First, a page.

Australians owe a whopping $145 billion in personal debt – and the number continues to climb. But how can we get our own house in order? We can stop wasting money – and it’s far easier than giving up avocado toast. (You should cut down on it, just in case.) Here are four ways you’re wasting money, and how to stop.
- Using convenience over do-it-yourself
Yes, it’s easier than ever to get a Big Mac or slice of pizza delivered to your door in the middle of the night. Services like Menulog and Uber Eats have turned “comfort eating” into an artform. Getting groceries or packages delivered to your door is also convenient – but it is costing you money. If you order Uber Eats once a week, every week, that’s $260 a year you’re spending on delivery charges. Not to mention the inflated prices for the food that restaurants pass on to make their offering profitable. If you want to save money, pick the food up – or make it yourself from fresh ingredients.
- Paying too much for utilities
The cost of electricity rose 72% between 2003 and 2013 and are estimated to rise 3% each year for the foreseeable future. Despite relative competition in the market, many households have never switched energy retailers – 56% of Australians according to Energy Consumers Australia's Consumer Sentiment Survey (average of all state figures.) Electricity is electricity – if you can switch providers and get a better deal, do it. Same goes for mobile providers, internet, gas; anything that has a market for it.
- Paying too much interest on your mortgage
With the official interest rates at historic lows, you can save a lot of money in the long-term by refinancing your home loan with a lower rate. This could save you thousands in interest over time. If you haven’t looked at your home loan rate for a while, there’s no better time to switch. You can negotiate with your current lender or use a broker to find a home loan package that’ll save you more. Remember to consult with a financial professional before making any major decisions about your mortgage.
- Paying too much interest on credit cards
If you’re paying your minimum amount on your credit card each month, you may as well not pay it at all. Look at it this way – if you have a $5,000 balance with 19% p.a. in interest and only pay the minimum, you’d be looking at paying over $20,000 total over 38 years, over 15,000 of that in interest. If you increased your payments to $248, you’d only look at paying $5,955 all up. Switching credit cards to a lower rate with a 0%p.a. offer on a balance transfer can help you save more interest. If you have multiple credit cards, a consolidation loan can help wrangle the debts. See your own results at MoneySmart.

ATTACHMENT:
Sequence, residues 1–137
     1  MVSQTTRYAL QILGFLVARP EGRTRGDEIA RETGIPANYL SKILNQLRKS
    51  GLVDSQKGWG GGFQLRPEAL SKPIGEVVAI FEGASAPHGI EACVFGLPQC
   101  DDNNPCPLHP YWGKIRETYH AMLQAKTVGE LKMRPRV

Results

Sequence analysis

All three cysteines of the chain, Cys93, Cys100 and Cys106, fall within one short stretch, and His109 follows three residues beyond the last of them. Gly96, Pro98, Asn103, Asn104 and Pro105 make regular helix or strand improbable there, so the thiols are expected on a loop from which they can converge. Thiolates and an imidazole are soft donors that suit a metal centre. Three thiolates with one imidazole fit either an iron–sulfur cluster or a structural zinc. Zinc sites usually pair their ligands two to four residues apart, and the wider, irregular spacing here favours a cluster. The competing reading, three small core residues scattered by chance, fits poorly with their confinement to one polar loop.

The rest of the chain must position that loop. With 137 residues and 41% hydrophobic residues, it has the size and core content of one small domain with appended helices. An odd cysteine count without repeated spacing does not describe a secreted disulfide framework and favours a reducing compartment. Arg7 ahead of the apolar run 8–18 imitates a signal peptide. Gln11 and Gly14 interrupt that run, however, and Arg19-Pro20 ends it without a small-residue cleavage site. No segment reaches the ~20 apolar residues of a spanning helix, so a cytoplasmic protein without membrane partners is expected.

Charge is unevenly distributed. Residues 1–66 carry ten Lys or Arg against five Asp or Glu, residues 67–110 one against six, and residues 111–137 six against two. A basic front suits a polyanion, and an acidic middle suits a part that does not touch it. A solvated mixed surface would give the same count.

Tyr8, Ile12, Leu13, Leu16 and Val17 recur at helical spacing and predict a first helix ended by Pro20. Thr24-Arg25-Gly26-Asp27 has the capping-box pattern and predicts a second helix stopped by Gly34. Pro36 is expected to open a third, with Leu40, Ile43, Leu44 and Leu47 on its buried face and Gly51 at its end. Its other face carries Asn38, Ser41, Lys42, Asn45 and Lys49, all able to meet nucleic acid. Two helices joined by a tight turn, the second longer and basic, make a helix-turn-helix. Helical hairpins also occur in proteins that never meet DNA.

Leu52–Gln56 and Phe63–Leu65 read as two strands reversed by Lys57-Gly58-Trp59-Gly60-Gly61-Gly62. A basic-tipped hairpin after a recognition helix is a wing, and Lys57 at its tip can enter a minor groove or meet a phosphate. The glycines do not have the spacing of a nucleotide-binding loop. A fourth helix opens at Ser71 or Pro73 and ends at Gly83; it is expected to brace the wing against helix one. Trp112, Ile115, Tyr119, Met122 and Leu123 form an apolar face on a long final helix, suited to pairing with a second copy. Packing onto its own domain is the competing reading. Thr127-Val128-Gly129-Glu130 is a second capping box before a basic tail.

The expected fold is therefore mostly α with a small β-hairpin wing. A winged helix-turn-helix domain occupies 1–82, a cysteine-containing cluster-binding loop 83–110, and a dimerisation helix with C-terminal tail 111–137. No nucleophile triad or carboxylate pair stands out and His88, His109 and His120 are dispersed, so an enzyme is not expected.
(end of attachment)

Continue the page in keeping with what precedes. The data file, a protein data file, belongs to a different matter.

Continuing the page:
- Paying for services you don’t use
It could be the gym; it could be a streaming service; it could be a magazine subscription; if you are paying for services you either don’t use or have little time for, cut it out of your life. There is no point paying for something you don’t use. You can’t buy a holiday for the family with guilt – but you can with savings!
Bonus tip: Stop the coffee runs each day. $3-4 for a latte each morning can add up big time. Buying a 250g pouch of espresso coffee will run you $10-20 and making some for yourself and a partner will still last two to three weeks. Do the maths!
Bill Tsouvalas is founder and managing director at Savvy Finance. He has a been working in the vehicle & asset finance business for over 8 years. He also writes articles on car finance, chattel mortgage, insurance, consumer protection and insurance related topics.
For further information, visit www.savvy.com.au or call 1300 974 066